Research Reports

Relationship between timber bridge characteristics and asphalt pavement wear surface performance

Principal Investigator:

Douglas A Lange, Timothy D Larson, Robert Seavey

June 1997

Report no. Mn/DOT 1998-07

Topics: Economics, Environment, Planning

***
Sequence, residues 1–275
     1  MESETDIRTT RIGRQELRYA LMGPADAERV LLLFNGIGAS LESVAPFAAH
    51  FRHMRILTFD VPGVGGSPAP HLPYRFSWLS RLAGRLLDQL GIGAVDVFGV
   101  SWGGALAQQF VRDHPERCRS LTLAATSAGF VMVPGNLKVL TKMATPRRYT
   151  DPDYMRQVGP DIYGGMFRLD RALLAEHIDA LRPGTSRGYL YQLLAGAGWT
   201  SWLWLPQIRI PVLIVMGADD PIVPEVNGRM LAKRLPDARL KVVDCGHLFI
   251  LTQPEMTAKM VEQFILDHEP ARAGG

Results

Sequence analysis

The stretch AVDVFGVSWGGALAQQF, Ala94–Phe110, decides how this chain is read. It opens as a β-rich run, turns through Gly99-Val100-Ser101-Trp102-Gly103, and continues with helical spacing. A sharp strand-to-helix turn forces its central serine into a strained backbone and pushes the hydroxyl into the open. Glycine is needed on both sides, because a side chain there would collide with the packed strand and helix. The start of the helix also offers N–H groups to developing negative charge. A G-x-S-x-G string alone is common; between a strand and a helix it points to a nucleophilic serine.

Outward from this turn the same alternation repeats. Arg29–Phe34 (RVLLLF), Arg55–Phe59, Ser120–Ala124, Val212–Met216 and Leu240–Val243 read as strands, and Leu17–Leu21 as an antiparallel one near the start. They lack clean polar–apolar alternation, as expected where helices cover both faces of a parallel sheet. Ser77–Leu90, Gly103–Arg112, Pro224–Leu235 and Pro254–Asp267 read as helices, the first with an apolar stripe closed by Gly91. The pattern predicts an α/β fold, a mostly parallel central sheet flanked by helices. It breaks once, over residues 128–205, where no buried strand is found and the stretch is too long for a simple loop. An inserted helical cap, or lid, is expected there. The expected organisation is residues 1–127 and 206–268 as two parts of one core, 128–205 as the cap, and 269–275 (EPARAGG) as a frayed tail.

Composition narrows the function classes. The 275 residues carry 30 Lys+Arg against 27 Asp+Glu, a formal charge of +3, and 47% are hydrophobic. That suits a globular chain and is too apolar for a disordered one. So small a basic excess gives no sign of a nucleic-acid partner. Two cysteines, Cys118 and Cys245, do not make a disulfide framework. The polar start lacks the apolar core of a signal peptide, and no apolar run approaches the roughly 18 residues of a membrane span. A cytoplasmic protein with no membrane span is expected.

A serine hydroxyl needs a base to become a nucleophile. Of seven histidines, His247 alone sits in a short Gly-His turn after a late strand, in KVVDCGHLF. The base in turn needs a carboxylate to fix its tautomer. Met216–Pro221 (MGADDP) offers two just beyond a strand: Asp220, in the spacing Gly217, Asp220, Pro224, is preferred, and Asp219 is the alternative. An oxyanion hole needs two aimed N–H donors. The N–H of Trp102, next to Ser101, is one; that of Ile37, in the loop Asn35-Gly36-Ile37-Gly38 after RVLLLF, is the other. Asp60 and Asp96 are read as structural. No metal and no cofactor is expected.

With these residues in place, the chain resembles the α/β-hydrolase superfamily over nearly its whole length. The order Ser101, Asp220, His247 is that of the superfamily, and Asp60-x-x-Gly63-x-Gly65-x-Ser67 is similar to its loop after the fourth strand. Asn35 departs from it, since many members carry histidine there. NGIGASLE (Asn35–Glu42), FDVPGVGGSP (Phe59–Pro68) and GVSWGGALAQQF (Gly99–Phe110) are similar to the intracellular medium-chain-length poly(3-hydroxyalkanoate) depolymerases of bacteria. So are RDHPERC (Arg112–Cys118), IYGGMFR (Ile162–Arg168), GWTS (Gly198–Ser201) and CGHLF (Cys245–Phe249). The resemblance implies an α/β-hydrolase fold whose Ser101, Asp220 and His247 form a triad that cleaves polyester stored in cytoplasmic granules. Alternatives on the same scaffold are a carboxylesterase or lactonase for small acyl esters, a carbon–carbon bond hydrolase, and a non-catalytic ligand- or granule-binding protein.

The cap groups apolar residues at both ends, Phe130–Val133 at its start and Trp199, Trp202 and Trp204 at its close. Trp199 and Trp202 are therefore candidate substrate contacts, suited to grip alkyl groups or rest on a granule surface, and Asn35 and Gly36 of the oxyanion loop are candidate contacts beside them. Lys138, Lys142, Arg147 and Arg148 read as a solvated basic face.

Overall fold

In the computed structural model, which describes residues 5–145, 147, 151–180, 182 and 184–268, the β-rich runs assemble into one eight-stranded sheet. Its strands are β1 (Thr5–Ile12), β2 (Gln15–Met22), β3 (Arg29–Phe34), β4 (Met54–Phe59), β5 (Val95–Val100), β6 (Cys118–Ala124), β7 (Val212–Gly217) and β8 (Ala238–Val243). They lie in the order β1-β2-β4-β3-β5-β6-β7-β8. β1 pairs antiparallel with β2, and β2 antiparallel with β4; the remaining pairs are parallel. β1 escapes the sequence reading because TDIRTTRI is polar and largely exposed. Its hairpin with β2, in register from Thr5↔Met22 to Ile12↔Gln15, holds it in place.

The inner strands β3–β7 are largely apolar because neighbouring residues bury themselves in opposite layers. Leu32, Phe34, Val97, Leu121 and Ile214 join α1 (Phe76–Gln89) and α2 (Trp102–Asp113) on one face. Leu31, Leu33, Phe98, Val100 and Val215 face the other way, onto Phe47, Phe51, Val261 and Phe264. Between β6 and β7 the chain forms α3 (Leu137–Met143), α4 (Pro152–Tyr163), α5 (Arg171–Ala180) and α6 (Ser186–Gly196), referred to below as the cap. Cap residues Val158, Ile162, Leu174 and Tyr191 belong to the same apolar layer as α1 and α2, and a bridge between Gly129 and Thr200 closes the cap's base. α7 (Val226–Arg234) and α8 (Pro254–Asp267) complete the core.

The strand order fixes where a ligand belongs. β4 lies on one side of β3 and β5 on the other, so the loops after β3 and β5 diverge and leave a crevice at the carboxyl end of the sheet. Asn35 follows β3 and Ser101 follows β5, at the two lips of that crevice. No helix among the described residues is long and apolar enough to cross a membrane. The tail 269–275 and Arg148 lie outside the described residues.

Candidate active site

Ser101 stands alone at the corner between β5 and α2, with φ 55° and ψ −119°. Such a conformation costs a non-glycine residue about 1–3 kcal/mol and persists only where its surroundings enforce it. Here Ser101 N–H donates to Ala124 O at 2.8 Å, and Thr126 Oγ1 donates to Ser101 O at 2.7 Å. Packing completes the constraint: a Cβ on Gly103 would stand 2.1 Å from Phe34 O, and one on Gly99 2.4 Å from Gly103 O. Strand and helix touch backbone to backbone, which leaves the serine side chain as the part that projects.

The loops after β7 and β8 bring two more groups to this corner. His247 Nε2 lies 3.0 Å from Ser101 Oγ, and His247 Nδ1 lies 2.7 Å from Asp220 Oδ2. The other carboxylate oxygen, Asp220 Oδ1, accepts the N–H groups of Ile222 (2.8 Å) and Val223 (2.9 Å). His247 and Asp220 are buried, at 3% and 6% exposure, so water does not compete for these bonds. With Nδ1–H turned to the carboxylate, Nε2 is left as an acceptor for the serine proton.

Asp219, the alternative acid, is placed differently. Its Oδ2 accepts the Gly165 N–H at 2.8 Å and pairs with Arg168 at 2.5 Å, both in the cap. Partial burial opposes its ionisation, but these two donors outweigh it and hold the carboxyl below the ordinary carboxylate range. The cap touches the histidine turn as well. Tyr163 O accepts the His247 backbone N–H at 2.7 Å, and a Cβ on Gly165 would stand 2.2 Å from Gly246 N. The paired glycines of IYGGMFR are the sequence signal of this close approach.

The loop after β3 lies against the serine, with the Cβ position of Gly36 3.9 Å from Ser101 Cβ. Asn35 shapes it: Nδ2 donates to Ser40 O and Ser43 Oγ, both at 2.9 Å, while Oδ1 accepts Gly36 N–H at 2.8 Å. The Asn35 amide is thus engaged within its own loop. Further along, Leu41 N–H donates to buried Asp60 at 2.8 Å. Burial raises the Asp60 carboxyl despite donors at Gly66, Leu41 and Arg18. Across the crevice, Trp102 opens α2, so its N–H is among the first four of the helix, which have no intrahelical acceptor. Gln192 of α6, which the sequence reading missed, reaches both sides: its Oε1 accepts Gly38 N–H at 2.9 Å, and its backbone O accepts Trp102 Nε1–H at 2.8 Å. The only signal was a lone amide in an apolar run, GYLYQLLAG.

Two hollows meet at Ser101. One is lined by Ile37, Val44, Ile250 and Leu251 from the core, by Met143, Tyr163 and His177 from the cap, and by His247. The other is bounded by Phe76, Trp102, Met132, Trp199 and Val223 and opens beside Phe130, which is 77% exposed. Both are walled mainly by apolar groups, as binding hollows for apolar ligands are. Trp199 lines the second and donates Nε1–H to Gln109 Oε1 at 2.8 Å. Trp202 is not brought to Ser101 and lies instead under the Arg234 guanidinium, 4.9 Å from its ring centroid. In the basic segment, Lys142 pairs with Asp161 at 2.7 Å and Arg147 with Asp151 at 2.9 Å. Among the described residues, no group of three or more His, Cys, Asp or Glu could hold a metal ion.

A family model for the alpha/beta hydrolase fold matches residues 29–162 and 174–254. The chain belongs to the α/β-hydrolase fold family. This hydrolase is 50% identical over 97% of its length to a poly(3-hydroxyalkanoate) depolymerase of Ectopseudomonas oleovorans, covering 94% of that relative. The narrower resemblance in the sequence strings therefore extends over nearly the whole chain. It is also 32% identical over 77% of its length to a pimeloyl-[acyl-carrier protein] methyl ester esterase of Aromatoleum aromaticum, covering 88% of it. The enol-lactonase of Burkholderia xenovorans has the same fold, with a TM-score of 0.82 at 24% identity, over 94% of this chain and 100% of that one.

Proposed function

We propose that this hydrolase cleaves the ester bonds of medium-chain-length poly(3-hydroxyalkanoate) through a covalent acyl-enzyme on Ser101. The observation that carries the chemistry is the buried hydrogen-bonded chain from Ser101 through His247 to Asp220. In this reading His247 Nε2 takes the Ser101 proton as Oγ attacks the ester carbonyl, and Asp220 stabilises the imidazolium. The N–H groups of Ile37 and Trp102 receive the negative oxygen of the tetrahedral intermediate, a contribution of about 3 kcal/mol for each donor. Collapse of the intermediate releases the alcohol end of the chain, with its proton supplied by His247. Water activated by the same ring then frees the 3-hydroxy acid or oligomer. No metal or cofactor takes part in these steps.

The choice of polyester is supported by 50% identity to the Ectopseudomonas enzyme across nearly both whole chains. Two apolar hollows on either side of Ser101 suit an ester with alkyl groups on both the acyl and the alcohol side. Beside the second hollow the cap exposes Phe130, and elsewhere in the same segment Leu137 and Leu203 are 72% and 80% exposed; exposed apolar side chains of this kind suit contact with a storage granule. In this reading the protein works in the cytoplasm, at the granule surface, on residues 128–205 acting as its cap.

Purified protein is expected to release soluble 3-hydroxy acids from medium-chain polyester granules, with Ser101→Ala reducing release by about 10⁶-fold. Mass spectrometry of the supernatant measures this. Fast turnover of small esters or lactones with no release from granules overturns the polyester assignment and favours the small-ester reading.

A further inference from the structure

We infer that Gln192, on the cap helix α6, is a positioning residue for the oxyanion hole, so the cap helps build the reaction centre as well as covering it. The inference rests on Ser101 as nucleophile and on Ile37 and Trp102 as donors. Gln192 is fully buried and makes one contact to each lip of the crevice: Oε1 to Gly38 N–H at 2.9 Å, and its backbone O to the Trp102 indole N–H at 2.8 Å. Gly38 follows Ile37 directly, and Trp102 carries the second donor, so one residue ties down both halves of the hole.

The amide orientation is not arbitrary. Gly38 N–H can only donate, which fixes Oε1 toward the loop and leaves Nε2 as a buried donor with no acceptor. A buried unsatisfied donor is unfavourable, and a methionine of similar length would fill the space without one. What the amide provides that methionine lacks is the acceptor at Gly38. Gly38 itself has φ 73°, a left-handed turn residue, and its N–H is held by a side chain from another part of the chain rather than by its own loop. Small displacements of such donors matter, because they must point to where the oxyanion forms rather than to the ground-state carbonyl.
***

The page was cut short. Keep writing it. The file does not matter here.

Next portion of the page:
Asphalt wear surfaces cover 1,378 of Minnesota?s timber bridges. This study assessed the magnitude of premature asphalt deterioration on timber bridges; identified the primary mechanisms responsible for wear surface deterioration; and suggested methods for improving asphalt pavement performance on timber bridges. Research methods included surveys, meetings with several county engineers and tours of their timber bridges, interviews with both asphalt and timber industry professionals, and literature reviews. The study revealed that approximately 50 percent of counties experience some problems with premature reduced serviceability of the asphalt pavement wear surfaces that cover their timber bridges. Possible pavement failure mechanisms include low-temperature cracking, reflective cracking from deck fault lines found at deck panel joint lines and deck lamination separations, asphalt fatigue fracturing, and asphalt de-bonding due to oil preservatives interference. The report presents the following proposed solutions for controlling timber bridge asphalt pavement cracking: asphalt pavement saw & seal, asphalt pavement fabric or material underlay, removal of extruded oil-type preservative before surfacing, conditioning of bridge timbers to the expected equilibrium moisture content before bridge installation, and tightening of timber decks through maintenance practices.

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